"Probiotics (pills containing bacteria) have resulted in complete elimination of eczema in 80 percent of the people we've treated," says Dr. Joseph E. Pizzorno Jr., a practicing physician and former member of the White House Commission on Complementary and Alternative Medicine Policy. Pizzorno says he's used probiotics to treat irritable bowel disease, acne and even premenstrual syndrome. "It's unusual for me to see a patient with a chronic disease that doesn't respond to probiotics."

[2] One of my reasons for being so interested in this topic is that I suffer from celiac disease, or at least have some probably-autoimmune-mediated reactions to gluten and casein, and some think celiac disease may be initially, and perhaps chronically, caused by the presence of 'bad' bacteria in the gut.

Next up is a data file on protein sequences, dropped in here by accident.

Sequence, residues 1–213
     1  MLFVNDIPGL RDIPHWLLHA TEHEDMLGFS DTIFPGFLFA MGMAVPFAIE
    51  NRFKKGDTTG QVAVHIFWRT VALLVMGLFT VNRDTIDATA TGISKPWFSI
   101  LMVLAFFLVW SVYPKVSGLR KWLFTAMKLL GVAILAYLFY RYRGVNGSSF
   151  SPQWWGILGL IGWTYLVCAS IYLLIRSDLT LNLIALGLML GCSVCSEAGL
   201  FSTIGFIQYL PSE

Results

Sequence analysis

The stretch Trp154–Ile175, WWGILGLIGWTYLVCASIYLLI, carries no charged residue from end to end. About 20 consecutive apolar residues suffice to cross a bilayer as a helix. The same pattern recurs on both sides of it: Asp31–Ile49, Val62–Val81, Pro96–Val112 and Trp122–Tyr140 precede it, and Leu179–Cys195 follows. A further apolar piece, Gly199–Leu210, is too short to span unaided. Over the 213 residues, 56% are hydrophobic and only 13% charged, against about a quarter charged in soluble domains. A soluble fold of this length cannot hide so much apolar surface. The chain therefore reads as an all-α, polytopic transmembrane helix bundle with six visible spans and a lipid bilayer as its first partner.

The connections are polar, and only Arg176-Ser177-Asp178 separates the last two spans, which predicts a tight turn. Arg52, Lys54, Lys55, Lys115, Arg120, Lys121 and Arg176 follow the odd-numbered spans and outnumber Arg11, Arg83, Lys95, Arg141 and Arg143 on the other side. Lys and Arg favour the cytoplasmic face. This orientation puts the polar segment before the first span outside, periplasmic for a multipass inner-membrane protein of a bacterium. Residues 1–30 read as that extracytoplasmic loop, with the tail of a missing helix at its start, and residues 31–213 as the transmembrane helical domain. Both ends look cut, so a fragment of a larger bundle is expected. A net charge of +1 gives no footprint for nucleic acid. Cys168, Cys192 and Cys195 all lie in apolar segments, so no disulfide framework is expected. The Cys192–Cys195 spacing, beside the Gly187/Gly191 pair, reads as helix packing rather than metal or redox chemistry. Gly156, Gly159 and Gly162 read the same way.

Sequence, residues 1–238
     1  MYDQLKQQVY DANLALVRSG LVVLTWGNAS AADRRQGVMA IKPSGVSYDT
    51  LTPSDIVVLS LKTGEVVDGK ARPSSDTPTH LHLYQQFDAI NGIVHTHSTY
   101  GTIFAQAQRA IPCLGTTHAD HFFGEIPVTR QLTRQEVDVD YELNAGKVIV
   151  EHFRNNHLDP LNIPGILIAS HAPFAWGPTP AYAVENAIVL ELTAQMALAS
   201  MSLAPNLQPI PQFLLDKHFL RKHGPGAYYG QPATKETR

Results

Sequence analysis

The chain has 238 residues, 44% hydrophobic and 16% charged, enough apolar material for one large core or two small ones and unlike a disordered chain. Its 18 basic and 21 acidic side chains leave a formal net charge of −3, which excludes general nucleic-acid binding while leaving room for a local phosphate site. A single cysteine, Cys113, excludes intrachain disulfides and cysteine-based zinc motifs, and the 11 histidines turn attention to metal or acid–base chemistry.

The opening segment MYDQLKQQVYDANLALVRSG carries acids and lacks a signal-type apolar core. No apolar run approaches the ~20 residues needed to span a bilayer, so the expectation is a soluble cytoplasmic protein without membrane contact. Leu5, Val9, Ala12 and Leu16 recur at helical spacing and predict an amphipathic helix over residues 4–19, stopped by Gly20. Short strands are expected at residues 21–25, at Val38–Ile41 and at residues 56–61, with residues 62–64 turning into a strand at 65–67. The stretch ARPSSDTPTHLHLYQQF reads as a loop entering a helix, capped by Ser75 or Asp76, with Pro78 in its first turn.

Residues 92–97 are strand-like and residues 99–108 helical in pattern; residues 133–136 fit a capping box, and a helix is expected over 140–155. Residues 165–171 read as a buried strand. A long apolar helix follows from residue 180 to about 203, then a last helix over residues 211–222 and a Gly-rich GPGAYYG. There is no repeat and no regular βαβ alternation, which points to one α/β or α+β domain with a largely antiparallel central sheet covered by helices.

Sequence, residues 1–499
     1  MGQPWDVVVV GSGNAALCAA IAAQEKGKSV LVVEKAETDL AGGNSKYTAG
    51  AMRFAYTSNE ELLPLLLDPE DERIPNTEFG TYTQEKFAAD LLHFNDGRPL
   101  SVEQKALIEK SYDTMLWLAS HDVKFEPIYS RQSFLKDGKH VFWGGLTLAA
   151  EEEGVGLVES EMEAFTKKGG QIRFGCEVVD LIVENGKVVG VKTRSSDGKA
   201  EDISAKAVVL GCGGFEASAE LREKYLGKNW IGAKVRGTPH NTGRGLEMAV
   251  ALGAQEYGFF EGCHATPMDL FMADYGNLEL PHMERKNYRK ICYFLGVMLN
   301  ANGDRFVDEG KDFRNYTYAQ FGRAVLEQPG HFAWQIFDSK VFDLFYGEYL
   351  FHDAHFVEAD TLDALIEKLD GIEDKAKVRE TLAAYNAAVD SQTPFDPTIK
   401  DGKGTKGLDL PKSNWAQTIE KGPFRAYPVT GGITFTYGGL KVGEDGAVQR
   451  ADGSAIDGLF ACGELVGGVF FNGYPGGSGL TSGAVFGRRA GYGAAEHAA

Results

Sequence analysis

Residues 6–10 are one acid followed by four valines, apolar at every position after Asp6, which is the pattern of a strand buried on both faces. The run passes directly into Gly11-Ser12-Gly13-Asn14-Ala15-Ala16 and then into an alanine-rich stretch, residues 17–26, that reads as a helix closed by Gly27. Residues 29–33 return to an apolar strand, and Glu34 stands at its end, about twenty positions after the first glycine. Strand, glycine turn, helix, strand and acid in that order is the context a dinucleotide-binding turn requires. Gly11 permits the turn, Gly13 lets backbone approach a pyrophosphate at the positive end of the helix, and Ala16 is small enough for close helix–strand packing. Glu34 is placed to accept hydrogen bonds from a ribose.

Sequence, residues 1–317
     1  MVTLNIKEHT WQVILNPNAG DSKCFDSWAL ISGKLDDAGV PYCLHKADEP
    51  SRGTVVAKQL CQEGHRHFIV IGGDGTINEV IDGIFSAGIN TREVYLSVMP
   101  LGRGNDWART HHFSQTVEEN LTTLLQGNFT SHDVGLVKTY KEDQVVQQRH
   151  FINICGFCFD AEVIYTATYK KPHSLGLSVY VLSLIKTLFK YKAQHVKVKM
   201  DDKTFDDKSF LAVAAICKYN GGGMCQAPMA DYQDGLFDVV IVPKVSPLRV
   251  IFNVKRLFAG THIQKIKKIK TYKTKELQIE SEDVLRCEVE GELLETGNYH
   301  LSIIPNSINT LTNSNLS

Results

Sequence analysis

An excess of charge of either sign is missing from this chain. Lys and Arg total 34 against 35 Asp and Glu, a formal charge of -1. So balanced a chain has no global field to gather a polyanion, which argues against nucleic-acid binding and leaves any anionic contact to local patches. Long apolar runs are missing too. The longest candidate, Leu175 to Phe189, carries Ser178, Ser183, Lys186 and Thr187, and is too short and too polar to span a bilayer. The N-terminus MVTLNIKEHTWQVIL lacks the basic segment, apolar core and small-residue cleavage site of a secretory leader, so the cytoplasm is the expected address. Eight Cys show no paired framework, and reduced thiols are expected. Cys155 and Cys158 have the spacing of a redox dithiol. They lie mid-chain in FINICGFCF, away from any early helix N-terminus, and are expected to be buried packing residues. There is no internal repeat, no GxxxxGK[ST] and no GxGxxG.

[3] http://www.nature.com/nm/journal/v13/n1/abs/nm1521.html
"We found that oral administration of specific Lactobacillus strains induced the expression of mu-opioid and cannabinoid receptors in intestinal epithelial cells, and mediated analgesic functions in the gut--similar to the effects of morphine. These results suggest that the microbiology of the intestinal tract influences our visceral perception."

[4] http://www.sciencemag.org/cgi/content/abstract/312/5778/1355 - with interesting commentary by John Hawks:
"This is really important stuff -- our nutrition is very dependent on these microbes, and there is every reason to think that their ecology affects our overall health status as well. And we know very little about them -- heck, these guys are using the same metagenomic techniques to fine organisms in our bodies that are used to find new unidentified ocean life!" e.g., we're forced to use metabolism and byproduct analysis because most of what lives in our guts can't be cultured in vitro. Edit, 7/13/07: A recent paper came out in PNAS outlining a technique that may at least partially solve this problem.